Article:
The Volkswagen logo is seen on a Kombi minibus during a Kombi fan club meeting in Sao Bernardo do Campo December 8, 2013. Volkswagen Brazil, the last plant to produce the Kombi, will cease production of the iconic vehicle on December 20 after 56 years of production. Higher manufacturing costs and increase in production time due to new auto regulations, which will require anti-lock brake systems and air bags in all cars produced in Brazil from 2014, contributed to its decision to stop the production of the Kombi, according to the company. Picture taken December 8, 2013. REUTERS/Paulo Whitaker (BRAZIL - Tags: TRANSPORT BUSINESS SOCIETY LOGO) - RTX16BOH
Photograph by Paulo Whitaker — Reuters
By David Z. Morris
July 31, 2016

Partly in response to a speculative article at Jalopnik, Elon Musk has confirmed that the planned “high passenger-density urban transport” vehicle referenced in the latest Tesla master plan will be not an electric city bus, but a smaller vehicle built on the Model X chassis.

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Musk has also said the Tesla Minibus will be modeled on an iconic vehicle of the freewheeling, optimistic 1960s.

That is, something a little like this:

Here’s Jalopnik’s take (again, entirely speculative) on how the VW minibus would translate into Tesla-world:

The second Tesla Master Plan refers to the ‘minibus’ being currently under development, and says it “should be ready for unveiling next year,” along with heavy-duty electric trucks.

One big difference between the Tesla minibus and its VW forbear seems to be who would own it and how it would operate. Musk’s plan groups the Model X-based minibus under non-consumer vehicles, and suggests that they will operate autonomously as part of centrally-managed fleets.

That’s not really what Jalopnik’s Jason Torchinsky had in mind when he suggested Tesla is “about to eat Volkswagen’s lunch” by beating them to the punch on producing a stylish, modern minibus. He rightly identifies the huge nostalgia for the minibus that Volkswagen has frittered away by not delivering an updated version (alongside its other massive foul-ups). But that Boomer nostalgia rests on dreams of cross-country trips to Woodstock, not crosstown rides in an eight-passenger Johnny Cab.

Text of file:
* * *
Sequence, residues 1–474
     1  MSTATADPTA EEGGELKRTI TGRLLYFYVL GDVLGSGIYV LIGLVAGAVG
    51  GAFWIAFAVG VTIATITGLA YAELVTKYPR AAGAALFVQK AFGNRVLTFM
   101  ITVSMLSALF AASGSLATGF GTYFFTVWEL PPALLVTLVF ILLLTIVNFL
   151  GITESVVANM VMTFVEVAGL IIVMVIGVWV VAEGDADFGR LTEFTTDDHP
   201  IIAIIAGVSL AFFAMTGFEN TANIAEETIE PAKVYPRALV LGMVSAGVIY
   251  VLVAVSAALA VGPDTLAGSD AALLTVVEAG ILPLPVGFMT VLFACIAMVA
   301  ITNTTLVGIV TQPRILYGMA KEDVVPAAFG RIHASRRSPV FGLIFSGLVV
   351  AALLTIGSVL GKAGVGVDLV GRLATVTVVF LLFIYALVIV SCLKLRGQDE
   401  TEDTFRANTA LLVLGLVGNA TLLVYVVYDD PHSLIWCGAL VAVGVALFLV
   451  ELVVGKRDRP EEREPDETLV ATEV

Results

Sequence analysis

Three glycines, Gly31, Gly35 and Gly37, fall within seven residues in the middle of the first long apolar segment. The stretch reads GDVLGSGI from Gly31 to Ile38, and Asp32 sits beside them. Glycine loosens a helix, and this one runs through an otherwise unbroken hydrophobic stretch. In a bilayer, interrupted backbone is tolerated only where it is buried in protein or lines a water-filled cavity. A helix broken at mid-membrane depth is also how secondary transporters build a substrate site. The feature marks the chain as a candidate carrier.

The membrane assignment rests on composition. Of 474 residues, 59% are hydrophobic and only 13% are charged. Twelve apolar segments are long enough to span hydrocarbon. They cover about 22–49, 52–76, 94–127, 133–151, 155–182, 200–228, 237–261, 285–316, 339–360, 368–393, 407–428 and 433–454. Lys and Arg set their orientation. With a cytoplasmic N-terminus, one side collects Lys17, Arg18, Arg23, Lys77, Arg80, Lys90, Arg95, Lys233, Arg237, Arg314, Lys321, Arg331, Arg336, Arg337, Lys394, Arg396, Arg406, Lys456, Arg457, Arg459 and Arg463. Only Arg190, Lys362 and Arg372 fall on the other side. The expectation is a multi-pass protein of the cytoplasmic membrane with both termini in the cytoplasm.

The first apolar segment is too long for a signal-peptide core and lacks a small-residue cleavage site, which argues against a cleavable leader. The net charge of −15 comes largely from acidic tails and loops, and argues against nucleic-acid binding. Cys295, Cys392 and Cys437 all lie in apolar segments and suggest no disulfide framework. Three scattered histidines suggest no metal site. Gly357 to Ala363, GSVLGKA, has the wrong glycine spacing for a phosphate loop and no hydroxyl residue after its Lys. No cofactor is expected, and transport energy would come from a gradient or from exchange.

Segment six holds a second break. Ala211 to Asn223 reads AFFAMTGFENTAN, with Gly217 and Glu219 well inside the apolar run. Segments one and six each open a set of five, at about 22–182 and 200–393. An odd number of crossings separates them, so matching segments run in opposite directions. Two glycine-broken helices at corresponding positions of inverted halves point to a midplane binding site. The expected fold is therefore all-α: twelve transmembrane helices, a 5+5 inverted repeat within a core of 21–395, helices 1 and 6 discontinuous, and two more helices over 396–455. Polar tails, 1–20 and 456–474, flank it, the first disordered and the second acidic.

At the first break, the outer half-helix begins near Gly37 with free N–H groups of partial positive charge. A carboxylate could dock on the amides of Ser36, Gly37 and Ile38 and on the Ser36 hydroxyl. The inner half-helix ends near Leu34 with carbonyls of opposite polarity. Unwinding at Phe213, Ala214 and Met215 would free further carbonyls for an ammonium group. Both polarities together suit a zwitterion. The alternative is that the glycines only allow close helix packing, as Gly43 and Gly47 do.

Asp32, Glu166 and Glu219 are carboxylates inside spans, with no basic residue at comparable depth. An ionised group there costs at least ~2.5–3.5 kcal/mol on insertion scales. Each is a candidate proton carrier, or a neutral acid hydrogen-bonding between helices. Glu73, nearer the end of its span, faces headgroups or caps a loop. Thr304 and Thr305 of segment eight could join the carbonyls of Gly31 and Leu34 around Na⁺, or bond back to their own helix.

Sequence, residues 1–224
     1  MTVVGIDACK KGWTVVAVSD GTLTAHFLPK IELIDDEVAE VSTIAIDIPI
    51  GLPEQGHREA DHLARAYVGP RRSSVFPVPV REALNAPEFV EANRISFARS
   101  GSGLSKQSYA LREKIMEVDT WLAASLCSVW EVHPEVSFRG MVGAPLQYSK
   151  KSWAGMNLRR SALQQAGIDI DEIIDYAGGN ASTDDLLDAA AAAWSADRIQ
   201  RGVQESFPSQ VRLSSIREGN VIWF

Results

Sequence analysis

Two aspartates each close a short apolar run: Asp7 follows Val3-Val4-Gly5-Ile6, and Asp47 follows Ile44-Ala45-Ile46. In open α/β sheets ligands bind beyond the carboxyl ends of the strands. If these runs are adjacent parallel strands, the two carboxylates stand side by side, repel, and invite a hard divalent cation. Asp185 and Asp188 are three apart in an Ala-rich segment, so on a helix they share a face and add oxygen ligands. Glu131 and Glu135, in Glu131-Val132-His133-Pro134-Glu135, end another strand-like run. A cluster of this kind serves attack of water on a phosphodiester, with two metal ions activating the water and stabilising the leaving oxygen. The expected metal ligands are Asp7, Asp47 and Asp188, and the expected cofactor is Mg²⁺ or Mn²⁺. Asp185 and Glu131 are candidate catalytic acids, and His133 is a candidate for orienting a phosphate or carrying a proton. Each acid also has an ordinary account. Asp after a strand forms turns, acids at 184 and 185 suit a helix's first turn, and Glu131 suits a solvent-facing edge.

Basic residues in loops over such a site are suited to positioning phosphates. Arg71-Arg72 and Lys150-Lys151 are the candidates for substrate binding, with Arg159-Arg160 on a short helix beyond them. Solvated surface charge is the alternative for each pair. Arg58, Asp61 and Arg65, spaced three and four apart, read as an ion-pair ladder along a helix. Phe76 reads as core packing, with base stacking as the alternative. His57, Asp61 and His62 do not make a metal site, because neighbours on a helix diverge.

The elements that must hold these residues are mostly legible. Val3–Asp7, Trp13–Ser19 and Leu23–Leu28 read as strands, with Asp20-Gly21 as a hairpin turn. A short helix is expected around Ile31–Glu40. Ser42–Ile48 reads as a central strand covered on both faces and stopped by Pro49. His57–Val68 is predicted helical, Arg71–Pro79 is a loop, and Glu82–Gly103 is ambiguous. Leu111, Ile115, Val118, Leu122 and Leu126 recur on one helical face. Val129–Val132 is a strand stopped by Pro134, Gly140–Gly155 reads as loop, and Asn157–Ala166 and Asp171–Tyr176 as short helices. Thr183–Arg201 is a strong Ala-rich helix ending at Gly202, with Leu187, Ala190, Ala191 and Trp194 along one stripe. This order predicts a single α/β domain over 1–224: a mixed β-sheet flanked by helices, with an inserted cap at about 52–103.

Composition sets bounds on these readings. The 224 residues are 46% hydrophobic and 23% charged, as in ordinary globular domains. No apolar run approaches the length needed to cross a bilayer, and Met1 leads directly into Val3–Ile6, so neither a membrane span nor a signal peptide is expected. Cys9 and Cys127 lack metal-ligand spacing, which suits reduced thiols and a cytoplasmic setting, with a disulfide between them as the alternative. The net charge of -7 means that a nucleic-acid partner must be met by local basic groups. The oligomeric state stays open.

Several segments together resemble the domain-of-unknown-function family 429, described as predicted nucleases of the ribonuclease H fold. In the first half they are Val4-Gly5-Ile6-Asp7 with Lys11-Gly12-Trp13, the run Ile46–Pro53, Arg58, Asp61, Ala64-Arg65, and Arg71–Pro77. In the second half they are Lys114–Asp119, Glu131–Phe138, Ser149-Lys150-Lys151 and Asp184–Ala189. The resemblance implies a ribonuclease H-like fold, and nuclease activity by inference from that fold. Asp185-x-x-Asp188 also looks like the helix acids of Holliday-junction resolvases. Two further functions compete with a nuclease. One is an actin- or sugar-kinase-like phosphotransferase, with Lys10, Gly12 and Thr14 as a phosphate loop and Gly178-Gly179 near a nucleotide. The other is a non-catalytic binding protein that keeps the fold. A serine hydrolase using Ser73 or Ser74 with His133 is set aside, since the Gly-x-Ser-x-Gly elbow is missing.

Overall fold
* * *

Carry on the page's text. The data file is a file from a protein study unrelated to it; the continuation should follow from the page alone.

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The slight disconnect highlights one tricky aspect of the transition to the autonomous-vehicle future. Musk’s vision of shared and fleet vehicles, autonomously guided and on-call to anyone with a smartphone, is shared by many, and on a macro scale, it makes complete sense. But who would build those fleets?

The first thought is that city governments would do it. Some cities, looking for an edge in efficiency and services, have been open to innovation in public transportation. But many other cities—most of them, really—are cash-strapped and cautious about change. It’s also unclear how long it will take for Tesla, or anyone else, to get to full automation. So autonomous urban fleets may not be a massive market in the near- or even mid-term, though the longer-term potential is huge.

On the other hand, individuals still have intensely personal connections to cars, though that sentiment is arguably waning among younger Americans. Elon Musk has already more than proven he can build cars that tap into that passion. So it’s not a stretch to imagine that eventually Musk may make a slight tweak to the new master plan and develop a minibus for individual buyers; something that would end up at the higher end of the market, perhaps tailored for road-tripping retirees looking to ride into a flower-tinged, eco-friendly sunset.

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